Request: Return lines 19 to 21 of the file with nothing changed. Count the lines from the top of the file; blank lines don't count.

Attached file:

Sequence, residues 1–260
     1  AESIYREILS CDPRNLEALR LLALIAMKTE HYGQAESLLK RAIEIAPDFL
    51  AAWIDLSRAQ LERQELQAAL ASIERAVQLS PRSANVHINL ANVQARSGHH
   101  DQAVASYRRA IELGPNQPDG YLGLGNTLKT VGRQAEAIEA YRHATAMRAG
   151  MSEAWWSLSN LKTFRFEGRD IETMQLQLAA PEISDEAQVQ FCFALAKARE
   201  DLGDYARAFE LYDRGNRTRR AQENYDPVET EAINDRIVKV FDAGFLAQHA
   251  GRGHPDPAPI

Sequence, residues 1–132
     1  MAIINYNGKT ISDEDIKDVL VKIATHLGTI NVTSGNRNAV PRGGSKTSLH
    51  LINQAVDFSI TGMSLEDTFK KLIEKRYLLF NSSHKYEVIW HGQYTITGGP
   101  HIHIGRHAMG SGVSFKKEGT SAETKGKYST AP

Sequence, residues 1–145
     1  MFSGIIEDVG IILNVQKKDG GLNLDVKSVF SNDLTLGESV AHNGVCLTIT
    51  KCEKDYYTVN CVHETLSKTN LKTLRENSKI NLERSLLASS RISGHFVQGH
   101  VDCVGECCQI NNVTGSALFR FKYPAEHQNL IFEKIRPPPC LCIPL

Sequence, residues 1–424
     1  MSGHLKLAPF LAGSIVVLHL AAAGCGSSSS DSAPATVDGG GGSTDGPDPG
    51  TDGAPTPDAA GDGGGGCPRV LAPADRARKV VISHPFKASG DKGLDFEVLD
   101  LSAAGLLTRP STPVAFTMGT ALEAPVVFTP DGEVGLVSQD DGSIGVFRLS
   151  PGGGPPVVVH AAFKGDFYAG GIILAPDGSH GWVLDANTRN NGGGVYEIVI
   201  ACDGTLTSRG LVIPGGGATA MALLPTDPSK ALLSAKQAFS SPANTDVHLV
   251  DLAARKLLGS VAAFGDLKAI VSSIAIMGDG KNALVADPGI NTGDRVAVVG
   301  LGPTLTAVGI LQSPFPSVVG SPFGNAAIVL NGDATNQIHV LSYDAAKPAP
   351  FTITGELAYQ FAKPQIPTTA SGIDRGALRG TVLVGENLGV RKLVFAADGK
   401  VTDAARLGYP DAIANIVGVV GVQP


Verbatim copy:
   101  LSAAGLLTRP STPVAFTMGT ALEAPVVFTP DGEVGLVSQD DGSIGVFRLS
   151  PGGGPPVVVH AAFKGDFYAG GIILAPDGSH GWVLDANTRN NGGGVYEIVI
   201  ACDGTLTSRG LVIPGGGATA MALLPTDPSK ALLSAKQAFS SPANTDVHLV